There’s an interesting germ of an idea in “Ekphrasis” about how absurd it would be if we projected our modern conception of art and the artist back through art history; in an early scene, an unenlightened cave woman asks her husband, who says he can trade his stick figure drawing for meat, “What will happen if everyone wants to be an artist? Who will kill the bison then?” The play follows with ridiculously inaccurate imagined stories behind famous images from art history, from Whistler’s mother whining throughout her portrait sitting that she’d rather be in the nude to Leonardo da Vinci’s drunk frat-boy friends making fun of him for getting such an ugly model for the “Mona Lisa.” The show has potential both for humor and a subtle confrontation of our current art festishes; unfortunately, it realizes neither. It’s a fundamentally unfunny production, where jokes are crass and awkward; and by the time we get to the final scene, in which we find Andy Warhol screaming that he hates his life to his painting (yes, painting) of a soup can, it’s hard to feel that much thought has made it all the way through. (Monica Westin)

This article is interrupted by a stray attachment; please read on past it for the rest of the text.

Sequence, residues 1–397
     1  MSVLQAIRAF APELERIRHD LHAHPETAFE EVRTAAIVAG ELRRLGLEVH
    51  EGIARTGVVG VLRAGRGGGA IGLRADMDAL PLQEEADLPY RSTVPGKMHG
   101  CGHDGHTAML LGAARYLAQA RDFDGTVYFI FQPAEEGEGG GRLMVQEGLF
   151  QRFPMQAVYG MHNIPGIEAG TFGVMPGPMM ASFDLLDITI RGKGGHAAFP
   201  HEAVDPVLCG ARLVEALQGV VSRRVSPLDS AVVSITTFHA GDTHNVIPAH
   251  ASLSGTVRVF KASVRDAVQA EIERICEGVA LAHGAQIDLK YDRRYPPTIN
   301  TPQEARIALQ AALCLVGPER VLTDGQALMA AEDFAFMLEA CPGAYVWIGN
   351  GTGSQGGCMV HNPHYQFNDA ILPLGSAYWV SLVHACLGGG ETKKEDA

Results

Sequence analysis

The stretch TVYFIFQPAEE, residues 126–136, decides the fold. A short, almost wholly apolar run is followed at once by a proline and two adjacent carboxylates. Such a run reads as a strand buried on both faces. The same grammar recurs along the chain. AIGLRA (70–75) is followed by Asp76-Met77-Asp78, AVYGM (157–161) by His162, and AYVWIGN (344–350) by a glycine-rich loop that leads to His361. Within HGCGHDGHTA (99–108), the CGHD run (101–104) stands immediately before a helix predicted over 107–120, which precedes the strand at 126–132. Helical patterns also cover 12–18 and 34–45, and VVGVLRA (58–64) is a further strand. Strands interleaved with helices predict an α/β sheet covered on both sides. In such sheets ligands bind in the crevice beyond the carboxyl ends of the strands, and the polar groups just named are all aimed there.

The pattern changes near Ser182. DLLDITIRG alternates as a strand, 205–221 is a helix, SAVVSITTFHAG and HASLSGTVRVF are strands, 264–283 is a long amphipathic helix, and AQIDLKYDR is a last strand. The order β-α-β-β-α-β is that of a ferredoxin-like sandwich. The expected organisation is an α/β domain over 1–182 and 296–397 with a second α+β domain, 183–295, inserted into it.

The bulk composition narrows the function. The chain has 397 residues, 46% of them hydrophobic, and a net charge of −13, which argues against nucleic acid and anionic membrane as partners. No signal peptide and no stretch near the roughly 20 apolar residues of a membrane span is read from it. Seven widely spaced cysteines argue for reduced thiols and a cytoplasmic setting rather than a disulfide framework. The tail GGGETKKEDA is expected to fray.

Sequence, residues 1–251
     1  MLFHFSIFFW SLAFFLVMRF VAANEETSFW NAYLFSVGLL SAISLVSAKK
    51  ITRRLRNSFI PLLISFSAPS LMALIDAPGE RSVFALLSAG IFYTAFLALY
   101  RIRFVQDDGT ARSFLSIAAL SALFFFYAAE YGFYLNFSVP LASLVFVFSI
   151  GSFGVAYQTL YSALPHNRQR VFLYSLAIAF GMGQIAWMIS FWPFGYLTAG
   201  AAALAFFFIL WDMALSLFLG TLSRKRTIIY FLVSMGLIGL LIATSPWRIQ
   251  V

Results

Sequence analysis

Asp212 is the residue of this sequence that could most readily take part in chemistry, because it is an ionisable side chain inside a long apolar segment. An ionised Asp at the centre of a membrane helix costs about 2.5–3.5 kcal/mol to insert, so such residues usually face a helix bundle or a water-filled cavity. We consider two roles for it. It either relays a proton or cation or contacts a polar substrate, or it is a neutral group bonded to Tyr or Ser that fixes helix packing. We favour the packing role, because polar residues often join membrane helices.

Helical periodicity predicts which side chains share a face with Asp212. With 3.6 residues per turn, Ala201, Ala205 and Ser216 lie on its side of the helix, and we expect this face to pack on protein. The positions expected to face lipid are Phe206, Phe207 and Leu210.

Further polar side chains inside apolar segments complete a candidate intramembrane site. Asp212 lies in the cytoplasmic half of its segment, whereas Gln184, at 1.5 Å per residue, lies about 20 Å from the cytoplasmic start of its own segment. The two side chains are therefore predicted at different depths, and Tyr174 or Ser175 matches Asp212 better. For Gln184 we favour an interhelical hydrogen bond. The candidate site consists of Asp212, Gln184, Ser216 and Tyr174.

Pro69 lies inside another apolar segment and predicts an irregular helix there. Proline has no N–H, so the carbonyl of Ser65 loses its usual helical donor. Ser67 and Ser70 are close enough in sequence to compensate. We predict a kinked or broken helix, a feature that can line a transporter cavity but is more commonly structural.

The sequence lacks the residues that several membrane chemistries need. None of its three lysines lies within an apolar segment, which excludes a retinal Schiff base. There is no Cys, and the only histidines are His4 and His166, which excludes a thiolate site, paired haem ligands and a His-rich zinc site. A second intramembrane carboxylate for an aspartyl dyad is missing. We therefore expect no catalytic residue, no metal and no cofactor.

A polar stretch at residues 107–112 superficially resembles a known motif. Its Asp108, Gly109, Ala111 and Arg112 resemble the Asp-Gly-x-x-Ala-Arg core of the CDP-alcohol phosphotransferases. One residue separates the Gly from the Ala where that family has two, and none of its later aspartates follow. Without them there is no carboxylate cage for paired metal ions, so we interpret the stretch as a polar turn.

At Viaduct, 3111 N Western, (312) 261-0130. Through September 20.